“Functional Training, Functional Movements, Functional Fitness” We have all heard one of these terms before. But what do they mean? What is Functional Training? A coach might tell you something, a physio might tell you another. In this series of articles, we are going to discuss what Functional Training is based on the various settings this term is used.

To kick this series off, we are going to discuss what Functional Training is from a brand perspective. Which is on a global scale, a brand of fitness.

The brand of “Functional Training”

“Kettlebells”, “Battle ropes”, “Barbells”, “Burpees”, “High Intensity”, “Sled”, “sweat” The Buzz words of Functional Fitness. When you think of Functional Training, these words come to mind.

The idea of “branding” is constantly evolving as technology develops. From my understanding, branding is what gives a product its identity, how people can differentiate between two of the same product. For example, Nike is identified by the tick and Adidas is identified by the three stripes. Those are two brands, but produce the same products ie. sports apparel.

However, we can go much deeper than this. Lets look at association of products. If you go buy a pair of branded shoes for a marathon, and run a great race in them, you will most likely be loyal to that brand and associate good quality to their brand. This becomes a part of their identity, their branding…good quality.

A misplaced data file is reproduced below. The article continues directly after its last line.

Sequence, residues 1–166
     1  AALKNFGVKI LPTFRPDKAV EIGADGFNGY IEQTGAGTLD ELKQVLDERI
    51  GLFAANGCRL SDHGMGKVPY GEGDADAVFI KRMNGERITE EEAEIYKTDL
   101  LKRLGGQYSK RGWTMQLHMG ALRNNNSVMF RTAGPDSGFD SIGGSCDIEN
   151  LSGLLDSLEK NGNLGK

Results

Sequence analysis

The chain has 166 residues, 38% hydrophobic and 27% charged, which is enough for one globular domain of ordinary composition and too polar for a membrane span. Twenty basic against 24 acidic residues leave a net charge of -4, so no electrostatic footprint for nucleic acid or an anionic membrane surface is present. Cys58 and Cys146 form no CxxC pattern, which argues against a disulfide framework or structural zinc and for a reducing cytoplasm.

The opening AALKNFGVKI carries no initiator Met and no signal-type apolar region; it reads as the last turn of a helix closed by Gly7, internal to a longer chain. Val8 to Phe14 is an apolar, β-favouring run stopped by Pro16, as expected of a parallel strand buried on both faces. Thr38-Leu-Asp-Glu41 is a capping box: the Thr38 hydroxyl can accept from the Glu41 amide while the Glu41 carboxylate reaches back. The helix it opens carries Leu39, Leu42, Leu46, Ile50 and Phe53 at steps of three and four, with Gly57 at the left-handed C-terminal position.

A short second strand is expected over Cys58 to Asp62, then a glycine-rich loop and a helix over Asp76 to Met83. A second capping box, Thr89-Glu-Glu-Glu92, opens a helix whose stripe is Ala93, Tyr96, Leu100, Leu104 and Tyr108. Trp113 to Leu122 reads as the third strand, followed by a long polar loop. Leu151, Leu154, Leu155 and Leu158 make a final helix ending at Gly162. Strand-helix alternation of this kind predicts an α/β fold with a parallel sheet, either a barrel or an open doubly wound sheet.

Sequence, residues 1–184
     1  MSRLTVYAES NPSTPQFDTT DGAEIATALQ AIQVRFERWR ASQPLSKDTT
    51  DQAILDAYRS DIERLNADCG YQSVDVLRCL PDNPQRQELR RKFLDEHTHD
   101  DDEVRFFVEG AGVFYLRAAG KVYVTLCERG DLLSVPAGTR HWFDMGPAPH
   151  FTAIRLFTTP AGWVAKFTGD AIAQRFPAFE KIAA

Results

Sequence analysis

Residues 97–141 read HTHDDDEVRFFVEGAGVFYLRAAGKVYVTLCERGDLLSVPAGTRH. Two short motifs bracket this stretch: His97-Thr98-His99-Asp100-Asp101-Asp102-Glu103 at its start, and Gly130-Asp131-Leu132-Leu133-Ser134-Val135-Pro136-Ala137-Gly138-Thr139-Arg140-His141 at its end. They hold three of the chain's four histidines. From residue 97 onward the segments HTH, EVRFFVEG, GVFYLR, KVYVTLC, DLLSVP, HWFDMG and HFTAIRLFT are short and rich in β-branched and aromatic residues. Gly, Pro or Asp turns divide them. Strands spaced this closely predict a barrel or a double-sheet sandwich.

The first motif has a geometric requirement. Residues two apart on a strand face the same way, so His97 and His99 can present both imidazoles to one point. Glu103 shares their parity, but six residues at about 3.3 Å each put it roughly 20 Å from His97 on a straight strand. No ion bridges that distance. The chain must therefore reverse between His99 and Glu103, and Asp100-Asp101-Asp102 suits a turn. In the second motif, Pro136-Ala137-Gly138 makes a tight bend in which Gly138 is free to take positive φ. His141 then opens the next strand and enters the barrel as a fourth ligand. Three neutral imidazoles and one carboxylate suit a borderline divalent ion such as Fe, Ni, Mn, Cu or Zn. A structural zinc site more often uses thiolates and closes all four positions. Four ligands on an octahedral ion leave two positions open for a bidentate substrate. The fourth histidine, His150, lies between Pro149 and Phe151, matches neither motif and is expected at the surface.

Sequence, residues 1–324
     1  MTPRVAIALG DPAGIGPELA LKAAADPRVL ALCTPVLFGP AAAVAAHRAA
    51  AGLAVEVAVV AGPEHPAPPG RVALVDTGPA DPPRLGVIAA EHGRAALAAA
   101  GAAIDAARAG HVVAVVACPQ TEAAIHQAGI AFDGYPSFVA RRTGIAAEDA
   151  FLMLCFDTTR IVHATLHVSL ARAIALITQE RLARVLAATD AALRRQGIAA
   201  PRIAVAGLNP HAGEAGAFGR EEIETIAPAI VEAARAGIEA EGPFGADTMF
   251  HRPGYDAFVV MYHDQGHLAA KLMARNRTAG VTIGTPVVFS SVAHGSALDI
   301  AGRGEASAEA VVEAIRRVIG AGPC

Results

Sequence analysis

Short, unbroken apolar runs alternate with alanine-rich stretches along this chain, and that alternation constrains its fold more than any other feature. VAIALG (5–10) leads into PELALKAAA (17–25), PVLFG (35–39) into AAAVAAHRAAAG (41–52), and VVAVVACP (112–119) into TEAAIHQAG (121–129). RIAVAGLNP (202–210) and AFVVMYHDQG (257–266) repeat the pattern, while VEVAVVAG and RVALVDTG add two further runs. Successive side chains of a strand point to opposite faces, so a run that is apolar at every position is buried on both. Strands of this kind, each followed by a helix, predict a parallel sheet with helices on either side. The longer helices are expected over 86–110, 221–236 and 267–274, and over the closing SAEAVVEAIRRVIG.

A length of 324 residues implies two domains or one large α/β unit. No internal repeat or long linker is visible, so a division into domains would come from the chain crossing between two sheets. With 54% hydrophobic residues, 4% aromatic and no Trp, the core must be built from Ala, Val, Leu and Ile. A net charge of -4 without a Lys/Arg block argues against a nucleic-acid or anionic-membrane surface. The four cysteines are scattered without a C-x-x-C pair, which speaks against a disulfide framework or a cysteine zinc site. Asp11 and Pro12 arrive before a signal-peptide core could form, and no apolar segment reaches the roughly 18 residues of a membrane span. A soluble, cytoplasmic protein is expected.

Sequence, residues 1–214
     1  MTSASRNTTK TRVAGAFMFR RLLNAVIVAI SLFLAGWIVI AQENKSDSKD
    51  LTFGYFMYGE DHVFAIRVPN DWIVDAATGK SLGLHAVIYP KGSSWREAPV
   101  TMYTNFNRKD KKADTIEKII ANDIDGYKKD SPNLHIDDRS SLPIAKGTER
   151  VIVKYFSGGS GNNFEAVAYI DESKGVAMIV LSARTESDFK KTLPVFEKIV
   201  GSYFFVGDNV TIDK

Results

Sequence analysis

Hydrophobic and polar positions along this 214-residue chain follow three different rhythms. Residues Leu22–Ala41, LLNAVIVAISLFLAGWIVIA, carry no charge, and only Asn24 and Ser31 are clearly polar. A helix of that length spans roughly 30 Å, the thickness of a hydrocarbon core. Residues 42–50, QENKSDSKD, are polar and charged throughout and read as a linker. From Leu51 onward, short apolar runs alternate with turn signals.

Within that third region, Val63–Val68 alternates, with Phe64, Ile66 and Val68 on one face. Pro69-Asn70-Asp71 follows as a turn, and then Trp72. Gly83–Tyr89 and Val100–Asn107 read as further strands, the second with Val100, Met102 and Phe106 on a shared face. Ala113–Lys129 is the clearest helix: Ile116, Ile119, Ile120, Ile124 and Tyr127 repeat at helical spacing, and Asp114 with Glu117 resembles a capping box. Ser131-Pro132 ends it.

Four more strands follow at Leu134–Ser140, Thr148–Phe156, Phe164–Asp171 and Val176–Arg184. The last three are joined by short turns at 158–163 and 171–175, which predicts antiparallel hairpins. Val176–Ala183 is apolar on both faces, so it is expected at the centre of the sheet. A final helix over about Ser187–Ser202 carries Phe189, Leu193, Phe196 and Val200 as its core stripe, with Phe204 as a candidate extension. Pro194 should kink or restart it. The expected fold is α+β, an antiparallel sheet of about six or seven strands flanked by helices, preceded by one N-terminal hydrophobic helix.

Now before we go too far off topic, can you see how this relates to Functional Training? The feeling you get from doing a specific workout and using specific equipment is associated with what the brand offers ie. functional training.

Thanks to CrossFit, we now know Functional Training to be characterized by a particular training regime. Lets look at what this training regime is made up of.

Functional Training Workouts

Call it a style if you will. If you tell someone that you do Functional Training, they have a pretty good idea of what you are talking about. Now that we have the background covered, lets have a look at what this version of functional training looks like.

If I had to define Functional Training in terms of this setting it would be the manipulation of body weight or external objects in the most efficient and effective way.

What type of Equipment is typically used?
  • Barbells & Bumpers
  • Kettlebells
  • Pull up bars
  • Dumbbells
  • Plywood Boxes
  • Battle Ropes
  • Slam ball
  • Med Ball
What type of exercises are performed?
  • Olympic lifts (Clean & Jerk, Snatch)
  • Box Jumps
  • Kettlebell Swings
  • Power lifts (Squat, Bench, Deadlift)
  • Lunges
  • Running
  • Ball Smalls
  • Wall Balls
  • MANY MORE!!!
What are the typical workout formats?
  • As Many Rounds As Possible (AMRAP)
  • Every Minute on the Minute (EMOM)
  • Rounds for time (R4T)
  • TABATA (20sec work:10sec Rest)
  • Other interval or circuit formats

Wrap up

This tends to be what the “gen pop” think of Functional Training, hence why it has become a brand in itself. I myself am a CrossFit coach and absolutely love training this way. But I am also a healthcare practitioner and have worked as a sport specific coach. In these other settings, functional training is characterized somewhat differently. Next week we will look at functional training as a healthcare practitioner.

I hope you enjoyed this article and be sure to check out next weeks article.

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